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Investigation reveals how often misuse of police less-lethal force tactics kills

Law enforcement often use what's called less-lethal force when they are not aiming to kill. Instead of guns, they’ll use things like tasers, physical holds and body blows to stop someone without killing them. But, as the world saw after the murder of George Floyd, when these tactics are misused, they can still result in death.

Now, a new investigation led by the Associated Press shows just how often that happens. The project took years — and was produced with "Frontline" PBS as well as the Howard Centers for Investigative Journalism both at the University of Maryland and here at Arizona State University's Walter Cronkite School of Journalism and Mass Communication.

Lauren Mucciolo is an executive producer for the Howard Center at ASU and spoke to The Show about what the project found.

Full interview

LAUREN MUCCIOLO: What we mean when we say less-lethal force is force that's not intended to be deadly. So, you know, there is a whole industry in creating tools and, and developing training tactics around less-lethal uses of force. So this can range from things like tasers and other kinds of stun guns. This can include, you know, physical takedowns and other kinds of, you know, hands-on engagement. It can also refer to you know, something that we talk quite a bit about in the project, is prone restraint or essentially lying somebody on their, their stomach face down, which, which has an impact on their ability to breathe. So there's a lot of different techniques that are kind of thrown into this catch-all category.

But the idea is that these are tactics that aren't meant to be deadly. These are tactics that are supposed to be used when people aren't posing a lethal threat to either law enforcement or to the general public. This is supposed to be what the police turn to when they're trying to not, cause a deadly event

LAUREN GILGER: Right, but your investigation found this, this does happen. People do die from these kinds of tactics. And it was quite a project to find out exactly how many examples of this there are. But give us the big picture. How many did you find?

MUCCIOLO: Right. So I think many of us have heard about the George Floyd incident in 2020. I mean, that's kind of what sparked a lot of the interest in pursuing this project. How many, how many cases are there like this out there in America? And over two years by, you know, looking at law enforcement agencies, medical examiners records, prosecutor's offices, we were able to identify just over 1,000 incidents where people had died during or shortly after incidents with police that involved less-lethal force.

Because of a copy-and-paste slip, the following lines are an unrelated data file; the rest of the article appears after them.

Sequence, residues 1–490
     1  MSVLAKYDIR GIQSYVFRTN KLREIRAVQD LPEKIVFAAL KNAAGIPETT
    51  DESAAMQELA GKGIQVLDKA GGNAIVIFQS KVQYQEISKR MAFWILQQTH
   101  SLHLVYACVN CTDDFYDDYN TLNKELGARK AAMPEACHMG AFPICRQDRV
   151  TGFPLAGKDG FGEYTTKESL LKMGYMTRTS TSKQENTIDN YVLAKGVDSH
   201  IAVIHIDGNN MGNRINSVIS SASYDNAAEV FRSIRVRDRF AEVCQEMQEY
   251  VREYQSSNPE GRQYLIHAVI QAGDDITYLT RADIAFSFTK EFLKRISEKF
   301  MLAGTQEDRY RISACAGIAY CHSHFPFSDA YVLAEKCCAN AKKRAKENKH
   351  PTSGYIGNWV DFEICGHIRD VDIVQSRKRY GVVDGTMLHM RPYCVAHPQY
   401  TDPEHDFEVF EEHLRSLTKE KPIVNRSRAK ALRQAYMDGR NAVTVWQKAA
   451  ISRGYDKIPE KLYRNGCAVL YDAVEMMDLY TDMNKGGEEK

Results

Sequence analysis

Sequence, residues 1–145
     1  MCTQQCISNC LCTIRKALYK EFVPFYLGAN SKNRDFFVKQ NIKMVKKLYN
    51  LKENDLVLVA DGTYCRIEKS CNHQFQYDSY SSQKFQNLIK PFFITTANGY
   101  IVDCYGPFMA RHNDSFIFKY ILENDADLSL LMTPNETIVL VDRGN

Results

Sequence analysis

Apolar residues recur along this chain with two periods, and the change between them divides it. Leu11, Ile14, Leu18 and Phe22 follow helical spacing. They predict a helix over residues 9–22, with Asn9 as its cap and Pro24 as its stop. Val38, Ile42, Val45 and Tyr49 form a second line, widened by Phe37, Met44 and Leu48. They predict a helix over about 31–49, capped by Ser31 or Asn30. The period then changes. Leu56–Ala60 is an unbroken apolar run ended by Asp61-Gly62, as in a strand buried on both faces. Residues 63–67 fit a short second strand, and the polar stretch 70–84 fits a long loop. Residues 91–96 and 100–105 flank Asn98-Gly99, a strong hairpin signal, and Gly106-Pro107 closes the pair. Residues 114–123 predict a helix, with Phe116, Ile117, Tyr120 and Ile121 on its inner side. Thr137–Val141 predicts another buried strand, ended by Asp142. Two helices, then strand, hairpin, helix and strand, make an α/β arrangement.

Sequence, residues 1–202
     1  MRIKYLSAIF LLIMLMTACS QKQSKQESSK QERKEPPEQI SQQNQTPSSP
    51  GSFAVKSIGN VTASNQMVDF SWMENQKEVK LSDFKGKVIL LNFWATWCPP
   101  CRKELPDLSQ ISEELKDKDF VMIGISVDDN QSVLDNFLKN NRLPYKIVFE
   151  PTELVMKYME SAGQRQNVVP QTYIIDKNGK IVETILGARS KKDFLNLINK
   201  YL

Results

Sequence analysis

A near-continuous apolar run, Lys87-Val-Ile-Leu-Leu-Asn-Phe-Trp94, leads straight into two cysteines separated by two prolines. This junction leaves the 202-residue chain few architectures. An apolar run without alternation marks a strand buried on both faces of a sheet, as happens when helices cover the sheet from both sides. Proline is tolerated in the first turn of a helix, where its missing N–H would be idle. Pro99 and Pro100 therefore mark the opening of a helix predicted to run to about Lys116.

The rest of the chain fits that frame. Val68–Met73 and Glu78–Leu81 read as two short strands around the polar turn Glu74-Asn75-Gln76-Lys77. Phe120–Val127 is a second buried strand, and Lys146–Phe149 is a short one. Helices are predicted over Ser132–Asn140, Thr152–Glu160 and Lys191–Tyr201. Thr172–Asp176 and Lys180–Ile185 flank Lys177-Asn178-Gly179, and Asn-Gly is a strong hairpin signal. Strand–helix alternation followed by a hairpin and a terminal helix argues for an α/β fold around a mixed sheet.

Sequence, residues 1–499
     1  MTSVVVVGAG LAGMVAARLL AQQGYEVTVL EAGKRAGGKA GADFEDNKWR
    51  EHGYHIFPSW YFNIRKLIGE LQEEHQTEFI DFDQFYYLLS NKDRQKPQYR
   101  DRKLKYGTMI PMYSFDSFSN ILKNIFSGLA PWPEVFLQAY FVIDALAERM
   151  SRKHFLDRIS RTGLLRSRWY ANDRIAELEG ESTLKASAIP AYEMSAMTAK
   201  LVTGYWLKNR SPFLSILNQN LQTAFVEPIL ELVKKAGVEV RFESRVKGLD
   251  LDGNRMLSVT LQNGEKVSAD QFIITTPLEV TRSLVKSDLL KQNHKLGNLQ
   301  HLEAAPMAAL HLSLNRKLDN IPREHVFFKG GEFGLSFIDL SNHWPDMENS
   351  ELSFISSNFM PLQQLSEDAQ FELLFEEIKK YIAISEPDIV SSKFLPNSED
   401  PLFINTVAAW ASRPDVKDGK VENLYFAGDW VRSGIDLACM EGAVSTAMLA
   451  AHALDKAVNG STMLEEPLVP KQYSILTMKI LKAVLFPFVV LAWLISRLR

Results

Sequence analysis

GILGER: Wow. OK. So give us some examples of what this often looks like. I mean, every case is different, obviously, but what kinds of situations tend to lead to officers to turn to things like a taser or a stun gun or a hold or something like that? Is it often like mental health crises?

MUCCIOLO: We see a lot of mental health crises, so it can be mental health. It can also involve like a drug induced crisis or other kind of medical crisis. We found that a lot of the cases that we identified were actually law enforcement responding to somebody who is having a crisis in their own home. Many of these deaths actually took place in the, in the home of the person who died. And so there were oftentimes, family members called saying, you know, we need help with this family member who's in crisis. Sometimes it was the individuals themselves who called and said I'm having a crisis. I need, I need help. Those were, you know, clearly some of the most heartbreaking.

I mean, there were certainly other incidents where folks were committing a crime or were a part of some other infraction, but there were many cases where people were not armed, they were not involved in any kind of criminal, you know, incident or if they were, it was, it was a minor infraction that didn't, you know, sort of equate with somebody needing to have their life taken as a result of that. And there was many people just on drugs, people who were having really bad experiences during drug crises.

GILGER: So you talked a little bit about the scope of this and how you went about tracking the number of cases that ended in death like this. How often were police actually found to have been at fault or like at least contributing to the deaths? Like were many of these cases, did they not even mention police often?